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7 things you need to get right if you’re travelling to Germany from a risk area

With the second wave of coronavirus infections now in full swing, even people travelling back from European countries now need to be prepared for testing and quarantine. Here’s a step-by-step guide to what you need to get right.

7 things you need to get right if you’re travelling to Germany from a risk area
An airport worker in Tel Aviv, Israel. Photo: DPA

So you’ve been back home visiting family, or just taken a well-earned break. Now you’re about to pack your bags and head back to Germany. What steps should you take?

1. Check if you are coming from a ‘risk area’

During the summer, when the virus was spreading slowly, the whole of the EU plus the UK, Norway and Iceland, was considered low risk, meaning that you could travel back into Germany without going through testing or self-isolation.

Things are different now though. With case levels rising in many countries, the situation is changing on a daily basis.


Check the Robert Koch Institute’s (RKI) website to see if the region you are travelling from is considered a risk area. For instance, Wales, Northern England, Yorkshire and Scotland have all recently been added to the list of risk areas (meaning more than 50 cases per 100,000 people have been identified over the last seven days in these regions.)

Scotland is one of several regions of the UK that have been classified as a risk area in recent days. Photo: DPA

If you’re lucky, the case numbers might have dropped enough that the RKI has taken your region off the list. This recently happened to the entirety of Sri Lanka. If that is the case, most of the information in this article doesn’t apply to you.

A list in English can be found here. Sometimes the list in English takes a few days to be updated. So we translate the German version for you here.

2. Make sure you don’t have symptoms

This should probably go without saying, but if you have coronavirus symptoms (eg a fever and coughing) don’t travel. Regardless of what country you are in, if you suspect you might have the virus, you should take the appropriate testing measures and then go into quarantine. The rules on testing vary from country to country, so you will have to check with health authorities where you are staying.

Germany cannot stop you from entering the country if you have symptoms. But the Interior Ministry advises you not to travel.

3. Obtain a passenger locator card

This form provides authorities with information on where you are staying during your time in Germany.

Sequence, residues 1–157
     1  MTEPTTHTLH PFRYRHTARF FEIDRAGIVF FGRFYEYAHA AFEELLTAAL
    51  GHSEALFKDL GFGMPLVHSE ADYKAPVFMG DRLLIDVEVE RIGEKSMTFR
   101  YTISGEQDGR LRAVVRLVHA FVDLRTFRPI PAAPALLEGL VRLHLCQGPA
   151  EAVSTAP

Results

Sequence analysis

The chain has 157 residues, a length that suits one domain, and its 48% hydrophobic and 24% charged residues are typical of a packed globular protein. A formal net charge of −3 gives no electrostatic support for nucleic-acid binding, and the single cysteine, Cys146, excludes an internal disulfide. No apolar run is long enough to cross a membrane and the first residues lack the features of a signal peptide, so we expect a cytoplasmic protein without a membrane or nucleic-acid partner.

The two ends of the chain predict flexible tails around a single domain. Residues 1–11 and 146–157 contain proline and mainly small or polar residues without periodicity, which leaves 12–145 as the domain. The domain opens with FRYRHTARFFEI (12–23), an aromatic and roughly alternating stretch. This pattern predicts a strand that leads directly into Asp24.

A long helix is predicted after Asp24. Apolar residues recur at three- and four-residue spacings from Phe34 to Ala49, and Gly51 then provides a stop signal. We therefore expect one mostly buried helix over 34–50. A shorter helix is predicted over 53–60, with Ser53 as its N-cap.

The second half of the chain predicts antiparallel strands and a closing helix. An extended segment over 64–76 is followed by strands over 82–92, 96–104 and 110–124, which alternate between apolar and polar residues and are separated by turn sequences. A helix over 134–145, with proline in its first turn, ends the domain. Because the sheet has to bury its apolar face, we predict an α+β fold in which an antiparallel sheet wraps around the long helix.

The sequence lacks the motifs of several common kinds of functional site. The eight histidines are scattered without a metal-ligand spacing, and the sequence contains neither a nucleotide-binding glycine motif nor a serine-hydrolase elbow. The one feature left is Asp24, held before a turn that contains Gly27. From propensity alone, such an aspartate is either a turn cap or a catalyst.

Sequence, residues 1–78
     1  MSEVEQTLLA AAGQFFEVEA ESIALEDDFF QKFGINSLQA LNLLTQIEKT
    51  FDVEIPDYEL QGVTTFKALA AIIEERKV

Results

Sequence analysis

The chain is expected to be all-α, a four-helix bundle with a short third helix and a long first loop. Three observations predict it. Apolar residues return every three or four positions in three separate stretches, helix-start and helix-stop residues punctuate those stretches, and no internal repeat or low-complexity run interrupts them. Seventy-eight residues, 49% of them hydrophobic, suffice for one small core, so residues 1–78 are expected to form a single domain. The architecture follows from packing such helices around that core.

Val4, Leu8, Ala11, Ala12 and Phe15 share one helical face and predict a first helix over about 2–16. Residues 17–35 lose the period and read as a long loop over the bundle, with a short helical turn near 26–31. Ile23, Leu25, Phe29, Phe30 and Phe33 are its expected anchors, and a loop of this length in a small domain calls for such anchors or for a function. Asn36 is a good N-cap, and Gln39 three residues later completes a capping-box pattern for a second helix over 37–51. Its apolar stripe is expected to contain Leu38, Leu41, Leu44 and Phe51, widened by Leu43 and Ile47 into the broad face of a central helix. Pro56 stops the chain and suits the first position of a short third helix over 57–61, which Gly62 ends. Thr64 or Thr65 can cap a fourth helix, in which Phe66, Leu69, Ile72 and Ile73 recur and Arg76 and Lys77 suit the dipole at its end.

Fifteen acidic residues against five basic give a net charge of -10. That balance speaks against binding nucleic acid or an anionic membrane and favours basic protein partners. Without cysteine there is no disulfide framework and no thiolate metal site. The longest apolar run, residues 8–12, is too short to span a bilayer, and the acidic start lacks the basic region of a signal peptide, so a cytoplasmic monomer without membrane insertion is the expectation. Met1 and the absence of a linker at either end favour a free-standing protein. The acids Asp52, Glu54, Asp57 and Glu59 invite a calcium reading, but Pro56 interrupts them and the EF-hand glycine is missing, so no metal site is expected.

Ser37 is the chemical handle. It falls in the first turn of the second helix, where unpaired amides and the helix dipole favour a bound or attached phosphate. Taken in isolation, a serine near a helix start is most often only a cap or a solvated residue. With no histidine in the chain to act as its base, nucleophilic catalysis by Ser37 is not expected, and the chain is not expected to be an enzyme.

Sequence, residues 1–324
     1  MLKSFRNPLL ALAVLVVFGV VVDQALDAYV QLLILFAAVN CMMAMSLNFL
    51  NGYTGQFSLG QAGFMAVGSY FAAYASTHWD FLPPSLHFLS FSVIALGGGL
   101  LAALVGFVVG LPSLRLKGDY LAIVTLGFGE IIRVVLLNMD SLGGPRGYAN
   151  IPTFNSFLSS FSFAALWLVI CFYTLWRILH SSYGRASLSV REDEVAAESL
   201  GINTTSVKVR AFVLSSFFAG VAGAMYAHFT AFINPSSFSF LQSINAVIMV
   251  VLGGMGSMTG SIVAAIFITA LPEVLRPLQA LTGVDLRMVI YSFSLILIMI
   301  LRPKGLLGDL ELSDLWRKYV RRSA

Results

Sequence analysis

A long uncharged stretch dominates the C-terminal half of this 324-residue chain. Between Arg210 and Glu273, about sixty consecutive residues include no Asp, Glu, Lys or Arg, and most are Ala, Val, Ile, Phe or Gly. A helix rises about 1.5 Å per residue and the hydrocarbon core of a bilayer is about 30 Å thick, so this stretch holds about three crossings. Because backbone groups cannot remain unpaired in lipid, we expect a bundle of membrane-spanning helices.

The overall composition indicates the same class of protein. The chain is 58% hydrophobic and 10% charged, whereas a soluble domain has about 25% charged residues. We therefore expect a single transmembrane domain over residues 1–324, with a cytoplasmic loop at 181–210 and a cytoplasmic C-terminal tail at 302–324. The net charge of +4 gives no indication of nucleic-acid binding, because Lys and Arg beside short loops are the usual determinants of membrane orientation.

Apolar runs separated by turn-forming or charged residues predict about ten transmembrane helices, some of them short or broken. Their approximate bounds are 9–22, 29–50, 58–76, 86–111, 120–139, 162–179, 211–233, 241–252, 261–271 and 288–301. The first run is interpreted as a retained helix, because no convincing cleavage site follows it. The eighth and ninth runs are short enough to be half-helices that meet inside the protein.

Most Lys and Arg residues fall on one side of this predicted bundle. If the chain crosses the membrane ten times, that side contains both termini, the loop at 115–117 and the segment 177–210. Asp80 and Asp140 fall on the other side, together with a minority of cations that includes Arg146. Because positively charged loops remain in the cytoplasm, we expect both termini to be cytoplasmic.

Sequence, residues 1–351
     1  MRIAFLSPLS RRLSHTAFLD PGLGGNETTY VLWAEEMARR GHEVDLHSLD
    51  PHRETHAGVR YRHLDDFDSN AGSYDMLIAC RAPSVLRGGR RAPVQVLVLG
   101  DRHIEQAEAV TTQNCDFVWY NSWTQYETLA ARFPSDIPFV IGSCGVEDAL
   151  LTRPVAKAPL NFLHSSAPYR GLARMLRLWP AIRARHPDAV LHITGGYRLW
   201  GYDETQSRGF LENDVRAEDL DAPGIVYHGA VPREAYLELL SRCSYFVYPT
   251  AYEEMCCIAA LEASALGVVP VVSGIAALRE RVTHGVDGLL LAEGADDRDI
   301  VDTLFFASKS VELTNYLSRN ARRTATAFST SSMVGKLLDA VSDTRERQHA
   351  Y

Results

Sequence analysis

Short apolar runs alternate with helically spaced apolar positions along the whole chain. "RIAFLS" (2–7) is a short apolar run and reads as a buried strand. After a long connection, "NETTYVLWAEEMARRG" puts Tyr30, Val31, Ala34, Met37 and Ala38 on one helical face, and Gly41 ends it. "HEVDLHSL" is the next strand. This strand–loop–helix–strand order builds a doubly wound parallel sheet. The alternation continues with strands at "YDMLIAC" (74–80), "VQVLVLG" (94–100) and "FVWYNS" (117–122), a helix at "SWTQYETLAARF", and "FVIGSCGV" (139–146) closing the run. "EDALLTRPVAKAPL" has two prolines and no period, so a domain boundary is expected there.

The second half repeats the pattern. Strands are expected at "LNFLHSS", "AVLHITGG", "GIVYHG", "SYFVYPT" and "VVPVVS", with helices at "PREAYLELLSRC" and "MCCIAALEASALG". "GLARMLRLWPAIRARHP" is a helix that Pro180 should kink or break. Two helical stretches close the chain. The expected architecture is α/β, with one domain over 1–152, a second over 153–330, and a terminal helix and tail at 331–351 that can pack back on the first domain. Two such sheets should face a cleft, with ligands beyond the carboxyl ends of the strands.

If you are flying or travelling by train, the airline or train company should provide you with a passenger locator card. However there have been cases of airlines forgetting to hand this form out which leads to annoying queues at the border.

You can print off the form in English here and save yourself the bother of having to do it while travelling. The form will be collected at the border by the Bundespolizei who should then hand it on to your local health office.

If you are travelling by car you do not need to fill it in. But as of October 15th the form will migrate online (as we explain below) and everyone entering from a risk area will have to complete it.

4. Quickly find a test centre

If you are entering the country from a risk area you will need to get tested. You can either do this 48 hours before entering Germany, or immediately after you have arrived.

Finding a test centre is easy if you are flying. All of Germany’s international airports are equipped with test centres. Run by the Bundeswehr, these centres carry our PCR tests in which a swab is put down your throat and into both nostrils. It reportedly isn’t a very pleasant experience, but is also over pretty quickly.

A woman receiving a PCR test. Photo: DPA

If you are travelling back by train or driving, you have to contact your local doctor and the local health office immediately after arrival. You can find contact details for your local Gesundheitsamt here.

For drivers, there are some test centres near the borders to France and Poland, but these are often only open on the weekends. You can find a list of all autobahn test centres here.

Currently, if you are travelling by car, the onus is on you to follow the rules. While there are random checks at the borders, there is nothing to stop people crossing a Schengen border without informing the authorities. 

This weakness in the system has been spotted, though. As of October 15th everyone who enters the country will have to fill in an online entry form first. If you are stopped by border police after this date you will be expected to be able to show that you have completed the form.

5. Get home as directly as possible